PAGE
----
Feel Good, Be Happy, Enjoy LIFE!
Easley, South Carolina USA

Hi , We all think our camera are the best, that is why we bought
them, but to be objective, take some pics of the diamonds,
sapphires , rubys and show how great them come out, I admit that
my Epson takes a great pic, but not of stones that are faceted
and reflect, that is the real test. I heard the polaroid 120
could handle it but never found a sales person who would take it
out of the box or knew what to do with it once he did, shame on
the companies for not providing better technical support and
having a demonstrator in the store . The camera that are made to
do this are jewelers camera like the one in the Gesswein
catalogues and many others but they are in the $2500. to 3500
catalogue, where they have special lenses w/special box w/their
own lighting etc. Happy Holidays Chris

Hi and Seasons Greetings, One of the best photo systems I know
of for photographing jewlery to get all the detail in the
polaroid cu-5,with a 3" lens. This unit has a built in ring
light and will take a 1-1 ratio. This unit was designed for
inter-oral use. Check with your local dentist, he might know of
a used one in your area. It is simple and quick to use. We all
finish a piece of jewlery that is worthy of photographing, but by
the time you get your camera out, set the lights and then adjust
your close up adapters and etc, you are out of the mood or simply
don’t have the time. So you take the easy way out and forget it.

Sorry to chime in here but I thought you might be interested in
some digital images that I took with the Sony DKC-ID1.
This camera lists for $1,400 which probably prices it beyond the
casual user. However, since it focuses to 1/2" without special
lenses I think it is the best alternative in the under $2,000

Hi Rick,

I checked out your site, and the images look good. But, my
question is, how good would they look if you were FILLING the
frame with a 12-15mm gemstone with over 100 facets? Or how
about a 4mm stone with more than 60 facets?


Dear Tom,I doubt the standard lens can fill the image with a 4mm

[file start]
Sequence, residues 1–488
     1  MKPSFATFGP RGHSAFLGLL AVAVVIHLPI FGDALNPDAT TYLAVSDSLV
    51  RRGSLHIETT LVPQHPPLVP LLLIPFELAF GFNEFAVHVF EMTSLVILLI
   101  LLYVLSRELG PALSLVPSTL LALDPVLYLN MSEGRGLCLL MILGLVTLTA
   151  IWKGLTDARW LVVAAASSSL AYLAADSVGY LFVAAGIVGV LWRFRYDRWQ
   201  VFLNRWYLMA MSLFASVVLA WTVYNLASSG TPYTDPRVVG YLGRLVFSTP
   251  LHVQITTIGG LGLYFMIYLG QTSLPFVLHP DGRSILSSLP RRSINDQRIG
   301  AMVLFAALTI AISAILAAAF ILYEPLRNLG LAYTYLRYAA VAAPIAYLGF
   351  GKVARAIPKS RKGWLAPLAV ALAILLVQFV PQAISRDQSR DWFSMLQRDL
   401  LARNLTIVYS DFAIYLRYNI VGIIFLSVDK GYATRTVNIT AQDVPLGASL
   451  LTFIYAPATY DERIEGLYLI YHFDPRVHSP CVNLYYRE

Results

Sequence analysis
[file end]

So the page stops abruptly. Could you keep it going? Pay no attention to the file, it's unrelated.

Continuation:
stone. About the best I have done is to fill the view finder with
a dime . The detail was good enough to see the mint mark under
the date! If you have a non-precious stone to send I will be
happy to give it a try and I will of course return the stone.


Hi all,

Rick has very kindly agreed to try his setup on some small
gemstones I’m sending him.

4.25mm spinel (pale lavender)
3.5mm green tourmaline
3.5mm spessartine garnet (orange)
3.5mm “Dinner Bucket” garnet (pink/red)

I’ll let everybody know the results.

Happy holidays to all…


Hi Karen, I got an Olympus C-2500L a year ago ($1000) and it really
changed my life! I imagine newer versions are out with lower prices
and increased functions. But some of the great plusses of this
particular camera which you should look for: High quality SLR (Single
Lens Reflex)—previously unavailable in a digital camera for under
$2500 Built-in MACRO and SUPER-MACRO lense settings!!! Let you get up
to 2cm (less than 1") from the subject!!!

I use it for fine prints from tifs as well as jpgs for e-mails. It’s
magical and indispensable. I now can easily and cheaply have
excellent shots of all the one-of-a-kind pieces which get sent out
immediately upon completion which I previously would have no record
of! Great for ‘dialogue-ing’ with distant clients.

I’d be interested in hearing about others’ cameras and experiences.

Janet in Jerusalem